Musician Ed Sheeran took the stand Tuesday in a high-profile copyright trial about whether his smash single “Thinking Out Loud” copied a classic Marvin Gaye song.
Ben Crump, a lawyer representing the family of the co-writer for Gaye’s 1973 hit “Let’s Get It On,” said in his opening statement that Sheeran played his ballad and Gaye’s song back-to-back in a medley during a concert, and called the moment a “smoking gun.”
Sheeran is accused of copying “Let’s Get It On” by the heirs of Ed Townsend, who co-wrote the song with Gaye. Townsend’s daughter Kathryn Townsend Griffin, sister Helen McDonald and the estate of his former wife, Cherrigale Townsend, are the listed plaintiffs on the “Thinking Out Loud” case. Gaye died in 1984 and Townsend died in 2003.
Sheeran was called to testify Tuesday by Townsend attorney Keisha Rice. During his testimony, the musician said the idea of creating the medley was “probably mine.” He said if he had, indeed, copied “Let’s Get It On,” then he “would’ve been an idiot to stand on stage in front of 20,000 people.”
Sheeran’s legal team declined to cross examine the musician on Rice’s questions, and said they want to ask him their own questions as they present their case at a later time.
Earlier in Tuesday’s court proceedings, Crump attempted to portray Sheeran as someone who recognized the “magic” of Gaye’s soul song and then used it to catapult his career. “Thinking Out Loud” would go on to win the 2016 Grammy award for song of the year.
“if you remember nothing else about this trial, about this case, it is about giving credit where credit is due,” Crump told the jury, which was selected Monday.
Sheeran’s legal team argued that the sounds used in both songs are common in pop music. “No one owns basic musical building blocks,” Ilene Farkas, Sheeran’s lawyer, told the jury in opening remarks.
Sheeran’s lawyer Donald Zakarin cross-examined Townsend Griffin Tuesday afternoon. Zakarin said that Sony sent reports from two musicologists to Townsend’s counsel in 2015 that concluded there are no valid claims of copying because the song uses common chord progressions.
Lawyers asked if Townsend Griffin noticed the chord progression in “Let’s Get It On” is used in other songs like “Heart and Soul” or “Earth Angel.” She said she’s never dissected a song until she listened to “Thinking Out Loud.”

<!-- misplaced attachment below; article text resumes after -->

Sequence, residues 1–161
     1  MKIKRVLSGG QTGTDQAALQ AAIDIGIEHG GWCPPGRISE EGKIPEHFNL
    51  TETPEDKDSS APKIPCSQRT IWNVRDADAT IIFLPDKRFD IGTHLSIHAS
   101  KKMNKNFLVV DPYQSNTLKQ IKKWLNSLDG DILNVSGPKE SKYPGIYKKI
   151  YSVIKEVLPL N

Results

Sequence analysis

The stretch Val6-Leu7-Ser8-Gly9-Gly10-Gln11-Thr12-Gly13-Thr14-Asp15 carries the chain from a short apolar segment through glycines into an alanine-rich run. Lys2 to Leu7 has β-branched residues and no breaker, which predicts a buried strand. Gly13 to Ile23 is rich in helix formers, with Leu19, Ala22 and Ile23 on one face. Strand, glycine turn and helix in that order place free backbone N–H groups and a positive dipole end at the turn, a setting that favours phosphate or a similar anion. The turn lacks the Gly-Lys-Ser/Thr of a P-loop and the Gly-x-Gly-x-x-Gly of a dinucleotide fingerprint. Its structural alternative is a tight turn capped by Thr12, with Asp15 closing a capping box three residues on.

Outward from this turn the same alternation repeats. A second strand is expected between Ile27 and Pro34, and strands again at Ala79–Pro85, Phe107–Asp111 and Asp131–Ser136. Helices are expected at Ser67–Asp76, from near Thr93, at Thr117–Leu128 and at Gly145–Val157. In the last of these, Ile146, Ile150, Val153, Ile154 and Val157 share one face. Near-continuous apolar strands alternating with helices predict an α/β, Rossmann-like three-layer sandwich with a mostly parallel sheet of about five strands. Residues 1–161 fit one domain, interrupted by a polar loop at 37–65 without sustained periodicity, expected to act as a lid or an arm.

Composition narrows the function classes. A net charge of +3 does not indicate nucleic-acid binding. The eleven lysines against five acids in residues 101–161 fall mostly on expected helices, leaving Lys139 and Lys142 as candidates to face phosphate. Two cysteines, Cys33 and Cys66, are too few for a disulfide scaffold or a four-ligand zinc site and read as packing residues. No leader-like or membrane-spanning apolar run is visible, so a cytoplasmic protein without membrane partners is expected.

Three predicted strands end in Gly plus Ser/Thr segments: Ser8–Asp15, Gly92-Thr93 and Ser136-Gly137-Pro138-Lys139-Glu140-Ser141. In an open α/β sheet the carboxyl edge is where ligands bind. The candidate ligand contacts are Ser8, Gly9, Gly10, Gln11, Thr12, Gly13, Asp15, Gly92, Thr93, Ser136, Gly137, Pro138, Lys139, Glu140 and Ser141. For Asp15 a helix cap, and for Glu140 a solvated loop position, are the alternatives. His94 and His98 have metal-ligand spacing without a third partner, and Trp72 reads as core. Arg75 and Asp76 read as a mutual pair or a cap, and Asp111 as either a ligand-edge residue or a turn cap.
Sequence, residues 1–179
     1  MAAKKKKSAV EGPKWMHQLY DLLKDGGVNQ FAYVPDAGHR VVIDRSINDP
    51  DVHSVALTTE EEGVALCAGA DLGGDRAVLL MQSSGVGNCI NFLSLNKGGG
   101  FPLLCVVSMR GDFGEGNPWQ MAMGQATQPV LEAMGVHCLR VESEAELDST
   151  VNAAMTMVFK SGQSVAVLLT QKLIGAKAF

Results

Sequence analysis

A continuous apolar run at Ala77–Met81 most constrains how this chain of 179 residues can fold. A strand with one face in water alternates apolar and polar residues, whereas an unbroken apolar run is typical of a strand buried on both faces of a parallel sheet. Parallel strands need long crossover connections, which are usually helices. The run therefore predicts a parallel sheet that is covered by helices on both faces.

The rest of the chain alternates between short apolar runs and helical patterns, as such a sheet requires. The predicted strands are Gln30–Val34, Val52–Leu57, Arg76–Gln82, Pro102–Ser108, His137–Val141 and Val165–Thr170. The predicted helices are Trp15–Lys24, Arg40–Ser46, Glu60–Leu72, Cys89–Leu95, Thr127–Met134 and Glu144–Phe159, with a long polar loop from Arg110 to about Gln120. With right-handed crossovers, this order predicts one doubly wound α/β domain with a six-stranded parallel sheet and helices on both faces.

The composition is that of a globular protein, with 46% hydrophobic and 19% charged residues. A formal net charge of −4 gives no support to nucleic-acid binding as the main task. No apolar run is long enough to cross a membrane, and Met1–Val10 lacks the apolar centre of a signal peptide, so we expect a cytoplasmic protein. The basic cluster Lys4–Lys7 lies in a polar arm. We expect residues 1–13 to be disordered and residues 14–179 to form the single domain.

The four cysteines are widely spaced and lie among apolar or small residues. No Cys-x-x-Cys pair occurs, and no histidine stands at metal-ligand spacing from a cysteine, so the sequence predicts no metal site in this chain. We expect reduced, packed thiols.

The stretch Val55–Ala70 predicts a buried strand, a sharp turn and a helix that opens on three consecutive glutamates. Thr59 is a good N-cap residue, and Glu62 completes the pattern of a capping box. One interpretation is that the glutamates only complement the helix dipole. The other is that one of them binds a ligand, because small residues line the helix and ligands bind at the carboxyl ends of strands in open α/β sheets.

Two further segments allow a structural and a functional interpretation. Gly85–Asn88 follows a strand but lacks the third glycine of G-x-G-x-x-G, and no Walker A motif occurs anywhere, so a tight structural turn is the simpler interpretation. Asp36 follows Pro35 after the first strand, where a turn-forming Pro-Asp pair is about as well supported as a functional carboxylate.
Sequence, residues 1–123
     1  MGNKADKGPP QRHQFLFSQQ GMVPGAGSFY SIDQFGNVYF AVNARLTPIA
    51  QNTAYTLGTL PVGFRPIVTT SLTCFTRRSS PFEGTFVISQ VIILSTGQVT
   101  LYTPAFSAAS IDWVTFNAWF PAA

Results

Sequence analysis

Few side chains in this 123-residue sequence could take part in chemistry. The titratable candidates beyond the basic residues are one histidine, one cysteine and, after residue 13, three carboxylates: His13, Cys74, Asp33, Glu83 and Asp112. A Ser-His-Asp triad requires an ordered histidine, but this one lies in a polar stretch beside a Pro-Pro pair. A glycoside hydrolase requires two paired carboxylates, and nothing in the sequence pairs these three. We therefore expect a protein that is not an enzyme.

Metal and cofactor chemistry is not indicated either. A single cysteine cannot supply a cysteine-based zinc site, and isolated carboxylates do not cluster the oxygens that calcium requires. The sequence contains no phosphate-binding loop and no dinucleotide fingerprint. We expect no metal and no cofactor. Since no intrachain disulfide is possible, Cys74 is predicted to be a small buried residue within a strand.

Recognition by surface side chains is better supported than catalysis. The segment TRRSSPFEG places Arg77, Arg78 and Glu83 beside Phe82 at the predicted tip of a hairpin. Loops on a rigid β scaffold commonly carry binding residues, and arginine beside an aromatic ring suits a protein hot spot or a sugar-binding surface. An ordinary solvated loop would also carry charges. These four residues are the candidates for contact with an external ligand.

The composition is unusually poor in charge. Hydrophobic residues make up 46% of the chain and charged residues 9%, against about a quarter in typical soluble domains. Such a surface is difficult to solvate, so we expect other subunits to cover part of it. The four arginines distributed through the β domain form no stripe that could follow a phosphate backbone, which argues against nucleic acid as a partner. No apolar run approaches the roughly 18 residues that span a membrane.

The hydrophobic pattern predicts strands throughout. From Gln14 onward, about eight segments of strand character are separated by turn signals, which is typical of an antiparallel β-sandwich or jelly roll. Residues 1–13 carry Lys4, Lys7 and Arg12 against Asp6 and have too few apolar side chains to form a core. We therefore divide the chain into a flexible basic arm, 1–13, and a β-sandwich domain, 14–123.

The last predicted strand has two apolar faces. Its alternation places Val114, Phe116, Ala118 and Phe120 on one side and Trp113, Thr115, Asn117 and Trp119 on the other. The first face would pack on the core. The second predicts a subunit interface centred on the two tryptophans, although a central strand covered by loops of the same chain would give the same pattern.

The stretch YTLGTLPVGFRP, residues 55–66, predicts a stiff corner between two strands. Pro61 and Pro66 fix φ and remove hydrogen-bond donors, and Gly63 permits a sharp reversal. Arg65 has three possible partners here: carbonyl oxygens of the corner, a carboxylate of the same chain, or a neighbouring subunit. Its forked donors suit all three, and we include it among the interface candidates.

“I don’t think my father’s a thief,” Townsend Griffin said. She said she hired her own musicologists for her “personal clarity.”
There have been a number of prominent music copyright lawsuits in recent years.
Gaye’s family has previously sued other artists for copyright infringement—and won. The estate successfully sued singer Robin Thicke and producer Pharrell Williams for $7.4 million in 2015 for borrowing from Gaye’s “Got to Give It Up” for their hit “Blurred Lines,” though the case turned into a five-year legal battle that ultimately saw the judgment reduced to $5.3 million. The ruling also awarded Gaye’s family 50% percent of the royalties from “Blurred Lines” moving forward.
But other, recent copyright cases have had different outcomes.
Taylor Swift faced a similar case in 2017 over her smash hit “Shake It Off,” which was settled and dismissed last year. Led Zeppelin was sued in 2014 over its iconic tune “Stairway to Heaven” by the estate of late Randy California, former lead guitarist of the 1960s band Spirit, for lifting part of their single “Taurus.” A 2020 appeals court ruled in Led Zeppelin’s favor.
Sheeran, meanwhile, has faced previous legal battles over his music and won. In a 2022 case over his song “Shape of You,” a judge ruled in Sheeran’s favor that he did not copy grime artist Sami Switch’s song “Oh Why” after the musician accused Sheeran of plagiarizing a key part. He was also sued in 2016 over his single “Photograph,” which was settled out of court.
After his successful 2022 legal battle, Sheeran posted a video to his Instagram voicing his concern over the recent wave of music copyright cases.
“It’s really damaging to the songwriting industry. There’s only so many notes and very few chords used in pop music. Coincidence is bound to happen if 60,000 songs are being released every day on Spotify. That’s 22 million songs a year, and there’s only 12 notes that are available,” Sheeran said. “I’m not an entity. I’m not a corporation. I’m a human being. I’m a father. I’m a husband. I’m a son. Lawsuits are not a pleasant experience.”